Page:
We sometimes get asked if it is possible for an individual to break residence for just a year in order to escape high UK tax charges for income received in that tax year. Generally, the answer is that this is not possible because of what are known as ‘temporary non-residence rules’. These rules broadly aim to tax somebody on their return to the UK on capital gains and income that they received during their period of non-residence.
Jim has always lived in the UK and owns a company with £2m of reserves in it. After speaking to a man in the pub he decides to go to Portugal for the whole of the 2023/2024 tax year (let’s assume for simplicity that he is away for the whole year from 6 April 2023 to 5 April 2024). In May 2023, he pays himself a £2m dividend in the belief that he will escape UK tax on this (and he understands that he will not have a Portuguese tax liability). On 6 April 2024 he flies back to the UK happy that he has saved a tidy amount of tax from his ‘Portuguese Scheme’. This actually does not work because Jim will be subject to tax on the dividend in his 2024/2025 tax return under the temporary non-residence rules. He probably would have had to stay out of the UK for six years in order to legitimately avoid UK tax on the dividend.
This is the typical position, but it is dangerous to make blanket assumptions because there are certain circumstances where this planning might work.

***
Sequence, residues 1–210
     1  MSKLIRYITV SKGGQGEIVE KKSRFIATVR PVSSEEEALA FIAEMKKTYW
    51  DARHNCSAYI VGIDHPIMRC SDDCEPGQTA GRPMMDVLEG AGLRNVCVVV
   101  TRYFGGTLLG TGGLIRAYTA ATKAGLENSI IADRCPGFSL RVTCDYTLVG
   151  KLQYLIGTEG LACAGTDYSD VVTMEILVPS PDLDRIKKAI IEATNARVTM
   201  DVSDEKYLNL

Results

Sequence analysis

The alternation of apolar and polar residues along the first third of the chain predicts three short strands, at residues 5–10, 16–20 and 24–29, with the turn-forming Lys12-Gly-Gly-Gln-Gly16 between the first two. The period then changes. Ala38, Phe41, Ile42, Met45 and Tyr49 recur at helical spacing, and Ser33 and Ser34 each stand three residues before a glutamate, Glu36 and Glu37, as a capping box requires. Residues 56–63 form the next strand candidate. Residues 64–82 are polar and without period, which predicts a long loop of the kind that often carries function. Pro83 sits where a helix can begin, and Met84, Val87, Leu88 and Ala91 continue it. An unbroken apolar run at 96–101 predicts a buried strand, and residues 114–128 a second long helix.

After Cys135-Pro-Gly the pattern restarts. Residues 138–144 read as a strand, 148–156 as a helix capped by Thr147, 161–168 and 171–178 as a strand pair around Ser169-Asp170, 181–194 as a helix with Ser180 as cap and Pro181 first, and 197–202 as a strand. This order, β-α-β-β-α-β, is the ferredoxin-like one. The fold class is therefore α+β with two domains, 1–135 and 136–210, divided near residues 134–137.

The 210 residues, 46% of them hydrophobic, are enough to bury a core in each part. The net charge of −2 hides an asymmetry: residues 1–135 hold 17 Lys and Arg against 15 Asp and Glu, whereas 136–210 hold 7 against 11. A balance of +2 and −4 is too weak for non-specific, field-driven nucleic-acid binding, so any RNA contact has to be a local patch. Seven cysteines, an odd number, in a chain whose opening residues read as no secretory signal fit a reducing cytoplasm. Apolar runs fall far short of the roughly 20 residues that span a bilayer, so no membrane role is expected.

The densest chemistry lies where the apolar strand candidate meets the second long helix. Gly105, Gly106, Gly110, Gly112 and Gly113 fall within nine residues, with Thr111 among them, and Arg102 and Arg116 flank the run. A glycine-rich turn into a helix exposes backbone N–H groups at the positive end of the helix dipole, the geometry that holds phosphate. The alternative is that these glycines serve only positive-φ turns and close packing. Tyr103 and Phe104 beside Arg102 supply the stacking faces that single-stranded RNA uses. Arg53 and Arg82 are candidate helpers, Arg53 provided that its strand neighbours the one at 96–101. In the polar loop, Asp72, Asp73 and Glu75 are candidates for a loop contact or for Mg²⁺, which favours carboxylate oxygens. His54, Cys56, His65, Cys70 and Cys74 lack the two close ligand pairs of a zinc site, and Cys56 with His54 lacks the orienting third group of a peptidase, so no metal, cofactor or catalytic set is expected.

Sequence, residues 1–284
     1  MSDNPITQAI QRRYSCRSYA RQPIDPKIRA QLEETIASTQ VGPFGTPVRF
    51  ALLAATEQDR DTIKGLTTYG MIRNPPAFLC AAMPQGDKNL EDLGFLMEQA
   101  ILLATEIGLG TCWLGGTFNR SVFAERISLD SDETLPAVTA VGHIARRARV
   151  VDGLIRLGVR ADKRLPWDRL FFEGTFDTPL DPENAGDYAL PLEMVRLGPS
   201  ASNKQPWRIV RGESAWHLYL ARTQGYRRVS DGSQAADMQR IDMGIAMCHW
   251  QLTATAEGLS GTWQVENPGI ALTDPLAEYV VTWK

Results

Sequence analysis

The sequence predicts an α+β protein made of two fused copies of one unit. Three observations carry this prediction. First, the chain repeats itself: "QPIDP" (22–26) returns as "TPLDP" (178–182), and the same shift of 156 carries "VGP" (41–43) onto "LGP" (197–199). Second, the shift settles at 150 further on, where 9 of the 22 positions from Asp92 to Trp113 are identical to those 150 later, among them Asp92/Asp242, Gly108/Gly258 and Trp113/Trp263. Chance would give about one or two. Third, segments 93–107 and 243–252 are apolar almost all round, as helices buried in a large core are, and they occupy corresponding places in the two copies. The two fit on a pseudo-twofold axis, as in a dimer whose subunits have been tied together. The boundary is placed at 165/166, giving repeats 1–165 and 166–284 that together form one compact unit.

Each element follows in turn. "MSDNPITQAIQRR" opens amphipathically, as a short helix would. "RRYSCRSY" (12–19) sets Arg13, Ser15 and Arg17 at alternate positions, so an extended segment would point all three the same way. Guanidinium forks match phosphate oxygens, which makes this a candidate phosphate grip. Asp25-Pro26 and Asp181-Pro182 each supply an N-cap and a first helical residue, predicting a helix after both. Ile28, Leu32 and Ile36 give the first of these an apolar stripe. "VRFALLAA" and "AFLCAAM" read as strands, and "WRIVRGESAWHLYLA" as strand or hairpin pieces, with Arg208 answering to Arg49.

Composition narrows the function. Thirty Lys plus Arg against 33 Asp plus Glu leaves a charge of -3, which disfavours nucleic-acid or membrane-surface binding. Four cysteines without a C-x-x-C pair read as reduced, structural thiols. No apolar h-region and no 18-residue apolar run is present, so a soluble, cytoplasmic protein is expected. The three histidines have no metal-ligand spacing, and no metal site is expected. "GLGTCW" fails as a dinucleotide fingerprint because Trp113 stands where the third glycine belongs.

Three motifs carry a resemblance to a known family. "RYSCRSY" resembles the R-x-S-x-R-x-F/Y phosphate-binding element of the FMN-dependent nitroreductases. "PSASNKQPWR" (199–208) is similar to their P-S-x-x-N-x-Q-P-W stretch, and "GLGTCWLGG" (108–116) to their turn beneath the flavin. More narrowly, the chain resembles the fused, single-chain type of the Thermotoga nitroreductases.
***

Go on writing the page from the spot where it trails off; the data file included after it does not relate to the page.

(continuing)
Taxpayers who are new to the UK
The temporary non-resident rules can only apply if someone was UK resident for four out of the seven years before leaving the UK. Therefore, in the above example, if Jim had only been UK resident from 6 April 2020, his scheme would have worked.
Some income is not caught by the temporary non-resident rules
Although dividends would have been caught for Jim in the above example, not all income is caught by the rules. In fact, although almost all capital gains are caught for somebody who is temporarily non-resident, income categories that are caught are very narrowly defined as follows:
1. Dividends from a 5% interest in a close company (but only if they are from profits accrued while UK resident)
2. Loan write-offs to participators
3. Various pension scheme payments
4. Chargeable event gains from life policies
5. Offshore income gains
6. Disguised remuneration charges
7. Various payments from unapproved pension schemes
This means that it may be possible for certain income to escape UK tax if the recipient is only out of the UK for a year. For example, if Jim (above) had traded in offshore property while abroad then that would not have been caught by the rules. Alternatively, a dividend made out of profits made by the company while he is non-resident would not be within the rules.
Forbes Dawson view
This is a good example of an area where it can be dangerous to assume that general principles apply. Although anti-avoidance legislation exists in this area, it will only bite for reasonably long-term UK residents and even then, not for all types of income. In summary it is possible to make some tax savings by only becoming non-resident for a year. Great care does however need to be taken in meeting the conditions of the complicated statutory residence test (to be non-resident) and also to ensure that you do not jump out of the frying pan and into the fire by moving to a high-tax jurisdiction. There will also be significant logistical costs associated with becoming non-resident for a year.
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